Old New York In Photos #45

New York City 1905 After A Big Snowstorm – The Sights Along Broadway Between 29th and 30th Streets Described

New York After a Big Snowstorm 1905 ph Detroit Photo Library of CongressSo far New York City has not had a major snowstorm this season like upstate New York received earlier this month. But I dream of New York City days gone by like this one shown above.

In this high resolution photograph (click to greatly enlarge) taken in 1905, the effects of a recent snowstorm can be seen as the snow has been shoveled high onto the edge of the street and sidewalk.

We are looking up Broadway from the northwest corner of 29th Street towards 30th Street. On the extreme left at 1209 Broadway is one of the many United Cigar Stores outlets, a chain store which dominated New York’s tobacco retail industry at the turn of the century. Next door at 1211 Broadway is Marcus & Marcus supplying men’s furnishings.

Across the street at 1204 Broadway an advertisement in the window at ground level announces that the entire stock in their window was purchased by The Maurice Company, a clothing company run by Maurice Rogaliner. The “Broadway Dentists” also had offices in the same building along with Sol Young, Photographer.

Next door to the Maurice Company is Shanley’s Restaurant, owned by brothers Tom and Michael Shanley.

Shanley’s was one of the most famous eateries of the late 19th and early 20th century in Manhattan. With three restaurants, this one at 1210-1212 Broadway was their second location which opened in 1896. As the restaurant guide Where And How To Dine In New York (Lewis, Scribner & Co; 1903) describes it:

Everybody in New York knows Shanley’s and almost everybody has dined at one or another of the three establishments conducted under this name. The management acknowledges but one purpose in the conduct of its restaurants — to make its guests absolutely comfortable and to persuade them that Shanley^s holds the recipe for good cheer. It has taken twelve years to develop the atmosphere which one finds in Shanley’s and during this time the extent of its business operations has been greatly enlarged.   The service at Shanley’s is entirely a la carte. The cuisine is proverbial for its excellence. Chops, steaks, lobsters, game, shell fish and kidneys are among the special attractions of the house.

Next to Shanley’s the building with the initials HB and the crown on its sign is the Hof Brau Haus Restaurant. Where And How To Dine In New York devotes over six pages to describing the restaurant and says:

The Hof-Brau Haus is a complete representation of old Germany. Outside, it is a striking example of Niirn-
berg architecture — red, tile roof, receding balcony, leaded windows of the Bavarian colors, an odd, old sign, and quaint doorways — all contrasting sharply with the surroundings of upper New York. Inside, it is a museum (without the tiresome, scientific, classified regularity that is deadening historic and interesting Germany. The Hof-Brau Hans is a tavern in the true sense of the word. Lawyers, doctors, brokers — prosperous business men of all kinds — meet there every evening over a social glass. All meals are served a la carte. The cuisine is famous. German dishes are served that tempt the epicure.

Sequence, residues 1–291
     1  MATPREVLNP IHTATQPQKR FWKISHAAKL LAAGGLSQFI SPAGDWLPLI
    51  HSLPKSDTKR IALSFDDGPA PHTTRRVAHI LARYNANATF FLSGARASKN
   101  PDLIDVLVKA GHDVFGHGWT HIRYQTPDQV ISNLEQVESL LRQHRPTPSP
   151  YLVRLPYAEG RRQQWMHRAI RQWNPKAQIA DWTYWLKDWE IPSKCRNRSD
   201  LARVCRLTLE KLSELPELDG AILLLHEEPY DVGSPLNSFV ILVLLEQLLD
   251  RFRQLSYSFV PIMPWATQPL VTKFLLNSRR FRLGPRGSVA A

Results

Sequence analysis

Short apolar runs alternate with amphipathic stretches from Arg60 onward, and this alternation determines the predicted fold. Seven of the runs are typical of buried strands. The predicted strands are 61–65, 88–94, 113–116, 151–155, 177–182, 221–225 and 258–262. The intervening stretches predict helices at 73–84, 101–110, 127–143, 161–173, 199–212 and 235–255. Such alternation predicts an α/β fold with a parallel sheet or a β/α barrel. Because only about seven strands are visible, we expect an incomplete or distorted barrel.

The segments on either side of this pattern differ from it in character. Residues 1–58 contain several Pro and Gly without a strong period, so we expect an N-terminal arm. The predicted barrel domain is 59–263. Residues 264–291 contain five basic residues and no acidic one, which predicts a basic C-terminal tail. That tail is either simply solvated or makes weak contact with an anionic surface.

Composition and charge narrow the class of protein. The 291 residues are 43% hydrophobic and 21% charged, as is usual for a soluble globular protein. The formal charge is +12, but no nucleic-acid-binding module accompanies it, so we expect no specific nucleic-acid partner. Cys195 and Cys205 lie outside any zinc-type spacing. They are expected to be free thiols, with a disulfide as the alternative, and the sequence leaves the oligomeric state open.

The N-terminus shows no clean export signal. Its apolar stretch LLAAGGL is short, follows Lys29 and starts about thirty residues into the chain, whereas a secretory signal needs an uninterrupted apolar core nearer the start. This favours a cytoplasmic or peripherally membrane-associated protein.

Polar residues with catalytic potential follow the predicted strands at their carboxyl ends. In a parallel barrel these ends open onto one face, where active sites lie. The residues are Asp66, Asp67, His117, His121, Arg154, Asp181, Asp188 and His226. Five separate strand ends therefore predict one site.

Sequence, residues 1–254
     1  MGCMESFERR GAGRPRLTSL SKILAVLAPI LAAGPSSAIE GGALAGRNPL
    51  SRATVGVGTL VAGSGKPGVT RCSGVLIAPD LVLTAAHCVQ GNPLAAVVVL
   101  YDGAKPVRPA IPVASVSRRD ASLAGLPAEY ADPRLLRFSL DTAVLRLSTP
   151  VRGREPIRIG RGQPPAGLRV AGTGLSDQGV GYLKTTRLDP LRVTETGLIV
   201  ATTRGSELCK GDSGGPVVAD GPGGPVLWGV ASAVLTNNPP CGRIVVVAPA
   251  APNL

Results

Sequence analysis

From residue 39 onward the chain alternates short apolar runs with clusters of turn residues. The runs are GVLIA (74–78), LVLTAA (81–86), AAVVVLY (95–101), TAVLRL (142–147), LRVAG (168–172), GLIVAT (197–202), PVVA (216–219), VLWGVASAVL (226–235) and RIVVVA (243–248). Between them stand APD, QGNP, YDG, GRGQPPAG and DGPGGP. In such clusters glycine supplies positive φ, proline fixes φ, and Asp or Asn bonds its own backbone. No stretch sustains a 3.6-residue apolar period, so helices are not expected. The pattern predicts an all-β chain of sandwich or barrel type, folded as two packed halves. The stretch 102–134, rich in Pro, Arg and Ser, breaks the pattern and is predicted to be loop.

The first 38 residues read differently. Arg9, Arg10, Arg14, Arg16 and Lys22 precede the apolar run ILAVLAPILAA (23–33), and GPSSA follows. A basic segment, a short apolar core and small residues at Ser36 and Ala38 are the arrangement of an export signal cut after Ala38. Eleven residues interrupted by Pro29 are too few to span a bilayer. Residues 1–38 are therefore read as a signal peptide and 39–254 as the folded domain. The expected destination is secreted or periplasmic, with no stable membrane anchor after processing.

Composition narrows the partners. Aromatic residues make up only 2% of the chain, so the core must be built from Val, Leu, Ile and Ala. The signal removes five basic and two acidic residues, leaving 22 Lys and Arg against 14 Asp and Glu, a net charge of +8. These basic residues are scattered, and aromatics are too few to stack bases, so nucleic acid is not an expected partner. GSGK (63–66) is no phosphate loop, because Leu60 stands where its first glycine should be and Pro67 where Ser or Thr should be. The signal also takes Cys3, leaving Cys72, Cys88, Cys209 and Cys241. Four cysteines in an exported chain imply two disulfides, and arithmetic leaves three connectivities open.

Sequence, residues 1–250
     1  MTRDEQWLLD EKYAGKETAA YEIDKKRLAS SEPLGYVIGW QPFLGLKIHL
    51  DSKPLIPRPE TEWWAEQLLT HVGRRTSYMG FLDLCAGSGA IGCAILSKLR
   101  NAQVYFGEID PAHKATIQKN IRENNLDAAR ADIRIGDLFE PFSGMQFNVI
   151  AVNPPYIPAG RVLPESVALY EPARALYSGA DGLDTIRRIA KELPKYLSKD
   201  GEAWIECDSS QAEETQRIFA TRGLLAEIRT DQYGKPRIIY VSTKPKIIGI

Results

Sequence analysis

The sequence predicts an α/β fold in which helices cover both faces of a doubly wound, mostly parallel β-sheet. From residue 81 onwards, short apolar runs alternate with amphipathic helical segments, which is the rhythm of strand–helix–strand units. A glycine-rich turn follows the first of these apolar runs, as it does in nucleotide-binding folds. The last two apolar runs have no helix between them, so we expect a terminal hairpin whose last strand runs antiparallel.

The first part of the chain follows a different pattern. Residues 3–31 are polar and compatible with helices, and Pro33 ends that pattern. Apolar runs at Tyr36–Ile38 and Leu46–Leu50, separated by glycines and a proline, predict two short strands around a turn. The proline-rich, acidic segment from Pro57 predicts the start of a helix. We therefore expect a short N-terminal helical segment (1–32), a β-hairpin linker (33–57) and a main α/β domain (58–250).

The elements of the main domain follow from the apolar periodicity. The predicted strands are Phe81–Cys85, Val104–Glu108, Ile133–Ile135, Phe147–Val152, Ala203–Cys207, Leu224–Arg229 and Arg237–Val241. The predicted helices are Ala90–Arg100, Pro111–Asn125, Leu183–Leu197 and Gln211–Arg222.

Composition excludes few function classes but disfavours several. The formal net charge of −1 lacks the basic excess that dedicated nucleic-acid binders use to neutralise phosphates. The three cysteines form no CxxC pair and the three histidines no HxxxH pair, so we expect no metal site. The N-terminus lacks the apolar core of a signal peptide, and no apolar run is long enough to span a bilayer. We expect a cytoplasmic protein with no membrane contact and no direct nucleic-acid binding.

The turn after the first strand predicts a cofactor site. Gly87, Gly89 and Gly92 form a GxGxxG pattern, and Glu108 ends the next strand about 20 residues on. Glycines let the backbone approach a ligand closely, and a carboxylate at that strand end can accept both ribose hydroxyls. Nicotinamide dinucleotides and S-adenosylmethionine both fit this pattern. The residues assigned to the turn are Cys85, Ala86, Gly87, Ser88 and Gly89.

A little further up Broadway, across 30th Street, the building with the large vertical marquee spelling out its name is Wallack’s Theatre. While he managed his eponymous theatre for many years, actor Lester Wallack died in 1888, but his theatre lived on until its last performance was held there on May 1, 1915. The theatre was chopped up into smaller parcels and demolished entirely by 1931. Next to Wallack’s is the New Grand Hotel advertising itself as “fireproof” in the wake of the disastrous Windsor Hotel fire. Built in 1868, The Grand Hotel was designated a New York City Landmark in 1979.

Back across the street on the west side of Broadway in front of the striped canopy is one of Wallack’s many competitors in the area, Daly’s Theatre. Augustin Daly, one of America’s leading theatrical managers, died in 1899 and the theatre was demolished in 1920. Beyond the canopy of Daly’s directly in back of the street lamp can be seen the rear of the brand new New York Times Building all the way up at 42nd Street.

In the foreground behind the fire hydrant we see a comically placed advertisement placard stuck into the snow bank for “Sarnoff Straw Hats For This Sweltering Weather Earlaps Attached Free.”

Adjacent to the advertisement a fancy horse-drawn brougham is passing with its mustachioed driver attired in his winter finery and top hat.

On the mostly snow cleared sidewalk a few people hurry about their business and a messenger is passing Daly’s box office carrying a large package.

Detroit Publishing colorized postcard of the photograph

Detroit Publishing colorized postcard of the photograph

Here is the postcard that Detroit Publishing issued from the photograph. While its nice to see color, if you click to enlarge the postcard you will notice that most of the detail in the original photo has been lost in the chromolithograph conversion.

Soon the snow would be gone. So is every person and nearly every building shown in this photograph.

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